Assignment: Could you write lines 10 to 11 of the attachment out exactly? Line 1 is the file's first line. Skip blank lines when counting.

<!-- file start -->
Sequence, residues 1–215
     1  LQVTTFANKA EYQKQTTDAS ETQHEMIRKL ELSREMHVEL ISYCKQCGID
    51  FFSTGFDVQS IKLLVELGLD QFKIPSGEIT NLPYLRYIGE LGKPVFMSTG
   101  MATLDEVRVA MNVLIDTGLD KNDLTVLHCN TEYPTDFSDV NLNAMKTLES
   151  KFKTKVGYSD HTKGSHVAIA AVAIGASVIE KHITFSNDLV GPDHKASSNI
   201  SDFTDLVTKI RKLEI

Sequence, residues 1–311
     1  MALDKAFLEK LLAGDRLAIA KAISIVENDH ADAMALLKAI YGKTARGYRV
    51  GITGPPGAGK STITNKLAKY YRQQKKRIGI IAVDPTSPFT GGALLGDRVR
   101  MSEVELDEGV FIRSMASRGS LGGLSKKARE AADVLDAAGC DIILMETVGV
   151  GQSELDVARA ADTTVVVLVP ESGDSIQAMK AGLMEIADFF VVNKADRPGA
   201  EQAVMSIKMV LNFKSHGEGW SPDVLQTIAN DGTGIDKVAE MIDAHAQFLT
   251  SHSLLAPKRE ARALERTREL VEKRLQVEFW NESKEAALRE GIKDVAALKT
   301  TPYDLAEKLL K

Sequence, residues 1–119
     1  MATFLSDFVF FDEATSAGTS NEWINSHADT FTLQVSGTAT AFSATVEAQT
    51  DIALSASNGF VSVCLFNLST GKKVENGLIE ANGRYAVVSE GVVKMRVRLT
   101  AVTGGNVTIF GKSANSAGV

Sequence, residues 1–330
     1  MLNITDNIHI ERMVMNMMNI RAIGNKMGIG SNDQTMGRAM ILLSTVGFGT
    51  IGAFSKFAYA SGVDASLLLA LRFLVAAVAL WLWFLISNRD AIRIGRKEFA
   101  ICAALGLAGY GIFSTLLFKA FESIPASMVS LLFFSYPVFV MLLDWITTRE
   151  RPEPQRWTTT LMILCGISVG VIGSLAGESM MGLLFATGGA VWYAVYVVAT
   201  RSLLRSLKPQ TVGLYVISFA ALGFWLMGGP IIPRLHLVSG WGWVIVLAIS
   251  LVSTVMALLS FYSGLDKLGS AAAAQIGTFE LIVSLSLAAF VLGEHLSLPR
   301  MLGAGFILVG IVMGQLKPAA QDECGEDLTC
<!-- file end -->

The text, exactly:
   101  MSEVELDEGV FIRSMASRGS LGGLSKKARE AADVLDAAGC DIILMETVGV
   151  GQSELDVARA ADTTVVVLVP ESGDSIQAMK AGLMEIADFF VVNKADRPGA